“I Vitelloni” - Federico Fellini (1953)

I Vitelloni (1953) was Federico Fellini’s second solo outing as writer-director and his first real critical and commercial success.  It tells the story of five young men who are perpetually hanging out and looking for amusement in a provincial town on the Italian coast.  The film’s title, I Vitelloni, could be understood to mean “young bulls”, but it also suggests young men who are overgrown adolescents avoiding life’s responsibilities.  One could argue that there are general social overtones in the way the fraternity of the gang reinforces the self-indulgence of the young men.  But as the film progresses, it become clear that this story is a personal and nostalgic reminiscence on the part of one of the gang members, Moraldo.    Thus though the film has a grounding in the Italian neo-realism tradition that examined social issues of the working classes, I Vitelloni operates from a more personal perspective as a coming-of-age comdey-drama about aimless youth.

The gang, the “vitelloni”, are

  • Fausto, the leader and “spiritual guide” of the group – his supreme self-confidence helps fuel his compulsive womanizing.  Interestingly, his appearance and mannerisms evoke the mental images of Elvis, Dion, and others of the 1950s, although this film appeared just before that period of rock-and-roll history.  
  • Alberto (played by Alberto Sordi) – he is a boastful attention-seeker and also something of an  overaged mama’s boy.
  • Leopoldo, the intellectual of the group – he fantasizes himself as an undiscovered great writer, and he spends his evenings working on his never-published plays and poems.
  • Riccardo (played by Federico Fellini’s brother, Riccardo) – he is a baritone who dreams of making it big in opera or show business.
  • Moraldo, the youngest member of the group – he is something of a male ingenue in this story.  Compared to the others, he is less assertive, but more sensitive and reflective.  Moraldo’s sister, Sandra, becomes the wife of Fausto.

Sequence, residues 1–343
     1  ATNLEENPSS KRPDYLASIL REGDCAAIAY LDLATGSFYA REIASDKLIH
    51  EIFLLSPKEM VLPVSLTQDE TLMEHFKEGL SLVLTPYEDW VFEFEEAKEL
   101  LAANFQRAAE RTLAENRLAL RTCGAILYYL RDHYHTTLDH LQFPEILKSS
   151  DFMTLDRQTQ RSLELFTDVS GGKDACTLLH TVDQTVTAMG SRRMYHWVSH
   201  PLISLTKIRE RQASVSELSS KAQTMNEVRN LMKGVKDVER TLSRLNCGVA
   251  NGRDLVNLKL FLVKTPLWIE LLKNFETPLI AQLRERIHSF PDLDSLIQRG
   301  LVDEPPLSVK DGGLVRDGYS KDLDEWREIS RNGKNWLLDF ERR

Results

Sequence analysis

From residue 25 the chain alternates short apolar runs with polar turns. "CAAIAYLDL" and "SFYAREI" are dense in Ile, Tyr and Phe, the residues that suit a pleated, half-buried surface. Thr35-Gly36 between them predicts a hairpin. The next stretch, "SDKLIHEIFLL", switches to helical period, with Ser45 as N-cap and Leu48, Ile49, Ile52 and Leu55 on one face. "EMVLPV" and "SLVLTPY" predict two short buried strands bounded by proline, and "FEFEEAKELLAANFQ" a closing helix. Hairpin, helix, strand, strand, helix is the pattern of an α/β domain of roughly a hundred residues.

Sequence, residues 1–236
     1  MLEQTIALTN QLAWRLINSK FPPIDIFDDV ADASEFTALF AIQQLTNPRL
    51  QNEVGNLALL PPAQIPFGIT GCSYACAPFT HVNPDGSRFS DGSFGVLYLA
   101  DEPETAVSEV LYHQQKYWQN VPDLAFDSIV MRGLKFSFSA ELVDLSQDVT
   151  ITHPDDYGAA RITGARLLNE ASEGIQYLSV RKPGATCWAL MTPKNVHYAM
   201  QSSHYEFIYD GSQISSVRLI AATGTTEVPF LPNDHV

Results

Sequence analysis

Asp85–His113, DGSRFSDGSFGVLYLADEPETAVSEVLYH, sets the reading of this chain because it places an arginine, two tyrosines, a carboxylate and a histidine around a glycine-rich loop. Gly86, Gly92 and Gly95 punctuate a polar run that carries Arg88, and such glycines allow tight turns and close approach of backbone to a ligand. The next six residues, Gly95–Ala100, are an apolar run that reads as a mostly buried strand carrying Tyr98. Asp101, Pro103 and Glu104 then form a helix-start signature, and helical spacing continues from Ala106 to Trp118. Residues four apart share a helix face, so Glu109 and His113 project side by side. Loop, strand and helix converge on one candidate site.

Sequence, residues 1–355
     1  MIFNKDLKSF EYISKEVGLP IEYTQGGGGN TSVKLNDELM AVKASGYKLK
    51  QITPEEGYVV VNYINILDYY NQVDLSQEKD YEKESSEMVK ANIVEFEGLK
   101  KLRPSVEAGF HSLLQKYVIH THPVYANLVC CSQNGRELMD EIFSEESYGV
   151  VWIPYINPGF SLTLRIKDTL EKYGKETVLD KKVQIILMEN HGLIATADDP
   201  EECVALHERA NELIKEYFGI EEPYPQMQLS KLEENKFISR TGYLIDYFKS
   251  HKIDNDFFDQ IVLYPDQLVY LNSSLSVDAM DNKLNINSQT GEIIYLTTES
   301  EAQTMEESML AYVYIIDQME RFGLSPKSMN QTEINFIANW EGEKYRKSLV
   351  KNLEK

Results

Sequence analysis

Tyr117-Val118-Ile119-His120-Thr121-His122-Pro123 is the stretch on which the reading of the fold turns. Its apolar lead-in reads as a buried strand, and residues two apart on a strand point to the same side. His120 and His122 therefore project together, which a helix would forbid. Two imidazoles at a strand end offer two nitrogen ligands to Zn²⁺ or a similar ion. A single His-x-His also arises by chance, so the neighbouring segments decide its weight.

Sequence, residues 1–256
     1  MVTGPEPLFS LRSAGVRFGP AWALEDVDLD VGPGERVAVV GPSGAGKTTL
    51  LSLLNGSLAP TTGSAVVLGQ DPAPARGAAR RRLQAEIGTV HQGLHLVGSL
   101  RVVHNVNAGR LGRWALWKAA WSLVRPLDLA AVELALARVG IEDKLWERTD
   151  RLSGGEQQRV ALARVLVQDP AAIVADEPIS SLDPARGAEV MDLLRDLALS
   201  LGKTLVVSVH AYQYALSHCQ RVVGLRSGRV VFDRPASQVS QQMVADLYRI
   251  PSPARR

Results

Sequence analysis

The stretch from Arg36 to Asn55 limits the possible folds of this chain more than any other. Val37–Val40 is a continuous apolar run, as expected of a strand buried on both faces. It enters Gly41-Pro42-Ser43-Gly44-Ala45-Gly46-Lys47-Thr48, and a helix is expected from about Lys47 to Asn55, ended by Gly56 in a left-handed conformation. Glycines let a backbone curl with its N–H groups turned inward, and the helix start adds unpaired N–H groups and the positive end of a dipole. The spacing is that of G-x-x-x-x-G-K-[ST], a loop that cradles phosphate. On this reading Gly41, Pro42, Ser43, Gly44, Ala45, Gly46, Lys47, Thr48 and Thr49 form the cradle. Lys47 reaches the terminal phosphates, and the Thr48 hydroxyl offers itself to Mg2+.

All of them are unemployed, living at home, and sponging off their families.  Except for the younger Moraldo, they all appear to be thirtyish, but they evidently feel no urgency to burden themselves with workaday jobs.  What they want is fame and fortune, not the run-of-the-mill work with which their parents got bogged down.  So instead of working, they spend their time carousing around town, frequenting pool halls, and looking for ways to entertain themselves.

The episodic plot passes through roughly five stages, most of which are dominated by Fausto’s outrageous attempts to seduce any woman he encounters at close range.
  1. Miss Mermaid Beauty Pageant.  It is the end of summer, and the town holds its annual beauty contest, where the vitelloni are enjoying the show and Moraldo’s sister, Sandra, is declared the winner. Unbeknownst to the others, however, she has been knocked up by Fausto, who even at the same pageant is busy trying to seduce another woman. Fausto then tries to skip town, but his father forces him into a shotgun wedding with Sandra.
  2. Overview of the VitelloniWe see the individual members at their homes. Leopoldo works on his plays.  Alberto tries to dominate his sister, even though her salary supports him.  Fausto returns from his honeymoon and is pressured into accepting an uninspiring stockboy job at a religious curio shop.  After work while at the local cinema with his new wife, the incorrigible Fausto unsuccessfully tries to arrange a tryst with a woman sitting in the adjacent seat.